Question #4: What do you find are best practises for team building? Tell me about a time when a closely-knit team you inspired benefited the company's bottom line.
Why It Works: While team building is a commonly bantered about term, what does it really mean? This question helps to clarify the sales management candidate's definition of the term; as well, it enables them to showcase their skills in this area. This may include action steps they've taken to ensure a cohesive team and how that cohesion bolstered sales revenue.
Question #5: Tell me about your own sales record and how your own learnings and personal sales acumen impacts those on your team whom you train and coach.
Why It Works: Having a sales manager who has been-there-done-that can reinforce their value to the individual team members. Sales people know whether their leaders 'get' their situations including unique in-the-field challenges they face every day and the particular problem-solving tools that enable their success.
Question #6: Describe a time when a customer was upset with one of your sales people, and the steps you took to resolve the situation. How did you then leverage it as a learning opportunity for the sales person and/or team?
Why It Works: You cannot please every customer, and a candidate at the sales manager level inevitably will have stories to share of customer-relationship management gone awry. They will be able to identify steps they took, alongside their sales team member, to resolve the difficult scenario and/or to help the sales team member learn from the situation, so as not to repeat it.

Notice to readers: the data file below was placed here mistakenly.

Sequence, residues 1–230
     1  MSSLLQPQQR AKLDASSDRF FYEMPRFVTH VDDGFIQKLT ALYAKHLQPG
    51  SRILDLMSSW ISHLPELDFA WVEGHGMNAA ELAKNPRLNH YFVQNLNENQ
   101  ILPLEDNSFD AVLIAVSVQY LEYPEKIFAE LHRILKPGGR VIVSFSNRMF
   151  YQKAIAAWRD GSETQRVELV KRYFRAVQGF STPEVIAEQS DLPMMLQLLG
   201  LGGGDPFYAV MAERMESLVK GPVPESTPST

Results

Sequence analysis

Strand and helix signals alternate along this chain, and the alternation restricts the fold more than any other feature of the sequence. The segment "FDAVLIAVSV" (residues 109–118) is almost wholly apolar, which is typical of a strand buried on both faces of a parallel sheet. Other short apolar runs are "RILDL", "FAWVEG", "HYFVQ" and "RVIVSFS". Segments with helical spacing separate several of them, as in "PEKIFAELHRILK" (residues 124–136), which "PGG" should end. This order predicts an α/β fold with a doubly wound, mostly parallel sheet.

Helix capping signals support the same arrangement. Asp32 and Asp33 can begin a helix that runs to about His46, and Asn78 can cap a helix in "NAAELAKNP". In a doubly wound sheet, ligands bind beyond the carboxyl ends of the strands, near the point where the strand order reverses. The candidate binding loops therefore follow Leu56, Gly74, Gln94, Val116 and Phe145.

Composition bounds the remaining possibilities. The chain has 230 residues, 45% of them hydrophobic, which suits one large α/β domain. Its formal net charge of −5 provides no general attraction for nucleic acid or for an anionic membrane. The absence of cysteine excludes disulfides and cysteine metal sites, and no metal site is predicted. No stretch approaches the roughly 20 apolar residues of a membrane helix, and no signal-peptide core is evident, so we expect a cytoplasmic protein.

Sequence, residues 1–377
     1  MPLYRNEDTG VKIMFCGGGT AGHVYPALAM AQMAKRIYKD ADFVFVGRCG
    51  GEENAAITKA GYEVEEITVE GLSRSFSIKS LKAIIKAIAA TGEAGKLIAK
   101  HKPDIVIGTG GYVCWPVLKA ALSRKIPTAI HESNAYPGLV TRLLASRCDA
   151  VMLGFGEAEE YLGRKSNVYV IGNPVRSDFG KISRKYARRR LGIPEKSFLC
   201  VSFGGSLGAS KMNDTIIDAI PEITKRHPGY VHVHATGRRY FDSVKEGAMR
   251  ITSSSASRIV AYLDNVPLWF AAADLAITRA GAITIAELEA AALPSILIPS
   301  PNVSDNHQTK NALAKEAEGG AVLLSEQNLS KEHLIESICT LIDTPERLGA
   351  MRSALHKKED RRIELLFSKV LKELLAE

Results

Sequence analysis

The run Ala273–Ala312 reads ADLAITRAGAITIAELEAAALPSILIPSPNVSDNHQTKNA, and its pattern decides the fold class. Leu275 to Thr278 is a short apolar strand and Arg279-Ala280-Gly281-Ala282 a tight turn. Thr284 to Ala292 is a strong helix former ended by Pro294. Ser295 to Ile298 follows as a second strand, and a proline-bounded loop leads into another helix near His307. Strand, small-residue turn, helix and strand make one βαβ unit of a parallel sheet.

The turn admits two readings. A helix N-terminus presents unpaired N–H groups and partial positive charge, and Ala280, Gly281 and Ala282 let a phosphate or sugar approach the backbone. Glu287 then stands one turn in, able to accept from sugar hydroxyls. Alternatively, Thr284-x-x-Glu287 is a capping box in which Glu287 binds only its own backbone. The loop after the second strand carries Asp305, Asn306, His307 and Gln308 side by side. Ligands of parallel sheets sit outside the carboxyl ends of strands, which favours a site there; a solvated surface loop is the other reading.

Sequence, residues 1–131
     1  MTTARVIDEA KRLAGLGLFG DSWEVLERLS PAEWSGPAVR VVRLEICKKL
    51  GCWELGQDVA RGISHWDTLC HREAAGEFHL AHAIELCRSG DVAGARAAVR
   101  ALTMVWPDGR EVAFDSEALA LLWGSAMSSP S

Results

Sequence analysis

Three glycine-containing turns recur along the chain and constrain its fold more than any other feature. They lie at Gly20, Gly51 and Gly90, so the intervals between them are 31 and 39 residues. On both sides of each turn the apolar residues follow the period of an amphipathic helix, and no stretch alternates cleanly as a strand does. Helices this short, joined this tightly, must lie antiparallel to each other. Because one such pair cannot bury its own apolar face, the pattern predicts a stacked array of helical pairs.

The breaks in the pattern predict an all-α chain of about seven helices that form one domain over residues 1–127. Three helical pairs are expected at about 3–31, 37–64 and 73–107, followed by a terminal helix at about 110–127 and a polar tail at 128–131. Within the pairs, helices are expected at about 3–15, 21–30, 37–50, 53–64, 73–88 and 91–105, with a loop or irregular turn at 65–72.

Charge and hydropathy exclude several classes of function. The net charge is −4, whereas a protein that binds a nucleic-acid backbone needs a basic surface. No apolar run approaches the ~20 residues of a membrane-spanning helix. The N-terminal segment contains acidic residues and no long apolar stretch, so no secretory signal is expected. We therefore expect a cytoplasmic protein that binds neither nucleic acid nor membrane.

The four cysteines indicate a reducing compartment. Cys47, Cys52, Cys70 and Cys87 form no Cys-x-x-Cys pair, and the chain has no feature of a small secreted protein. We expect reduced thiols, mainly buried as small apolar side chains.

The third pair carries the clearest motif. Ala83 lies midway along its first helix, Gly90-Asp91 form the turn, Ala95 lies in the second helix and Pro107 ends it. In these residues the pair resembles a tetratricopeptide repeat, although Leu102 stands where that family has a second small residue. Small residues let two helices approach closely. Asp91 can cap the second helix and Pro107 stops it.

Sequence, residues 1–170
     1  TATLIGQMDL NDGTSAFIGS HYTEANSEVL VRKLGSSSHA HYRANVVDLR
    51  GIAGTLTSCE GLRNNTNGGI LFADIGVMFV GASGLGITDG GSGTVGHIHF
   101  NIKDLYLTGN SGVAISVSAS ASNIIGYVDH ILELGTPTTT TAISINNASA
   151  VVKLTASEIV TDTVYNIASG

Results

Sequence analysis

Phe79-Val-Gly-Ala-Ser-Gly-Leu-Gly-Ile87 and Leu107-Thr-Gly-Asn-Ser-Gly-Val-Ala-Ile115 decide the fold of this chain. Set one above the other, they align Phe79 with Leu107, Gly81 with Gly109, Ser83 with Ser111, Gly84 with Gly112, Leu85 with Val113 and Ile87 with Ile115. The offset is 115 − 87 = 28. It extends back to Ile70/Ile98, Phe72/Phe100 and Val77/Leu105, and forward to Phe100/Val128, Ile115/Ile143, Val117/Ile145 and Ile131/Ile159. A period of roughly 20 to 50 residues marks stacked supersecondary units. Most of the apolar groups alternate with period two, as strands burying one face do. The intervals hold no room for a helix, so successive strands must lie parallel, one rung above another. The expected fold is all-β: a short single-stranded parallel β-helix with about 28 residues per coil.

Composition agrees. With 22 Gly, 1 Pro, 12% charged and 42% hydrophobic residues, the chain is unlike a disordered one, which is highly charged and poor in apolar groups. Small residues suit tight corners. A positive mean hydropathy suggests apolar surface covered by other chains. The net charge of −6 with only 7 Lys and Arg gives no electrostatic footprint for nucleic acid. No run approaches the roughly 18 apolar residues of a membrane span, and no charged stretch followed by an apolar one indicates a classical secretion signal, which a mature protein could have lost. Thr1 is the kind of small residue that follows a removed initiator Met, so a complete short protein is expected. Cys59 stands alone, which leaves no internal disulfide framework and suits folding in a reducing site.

Question #7: What would sales professionals who have worked for you in the past say is your greatest leadership attribute? Why?
Why It Works: This question helps uncover a sales manager candidate's self-awareness. It also helps them to think more objectively about their value proposition, providing insights into their strengths from the people who report to them (vs. their own suppositions).
Question #8: How would you describe the culture you build for your teams? Why is that type of culture important to the success of your organisation?
Why It Works: Culture is important, not just for individuals who want to thrive and be contented in their workplace, but also for the enterprise as a whole. A dysfunctional culture can be disruptive, embedding itself in the DNA of a company, negatively impacting the reputation beyond the office doors.
Question #9: How do you anticipate the future needs of your clients and partners? What steps do you take to ensure a forward-looking team strategy?
Why It Works: This will help garner insight into the candidate's strategic mindset--their ability to look around the corner to what's next and how to address future client needs. In this hyper-competitive, technologically impacted world, it's important to maintain a razor-sharp, futuristic edge.
Question #10: Why do you like sales?
Why It Works: A sales manager who is not just going through the motions, but actually still has an affinity for their sales career is an asset. Articulated with genuine passion, the response to this question can be another step toward separating the sales manager wheat from the chaff.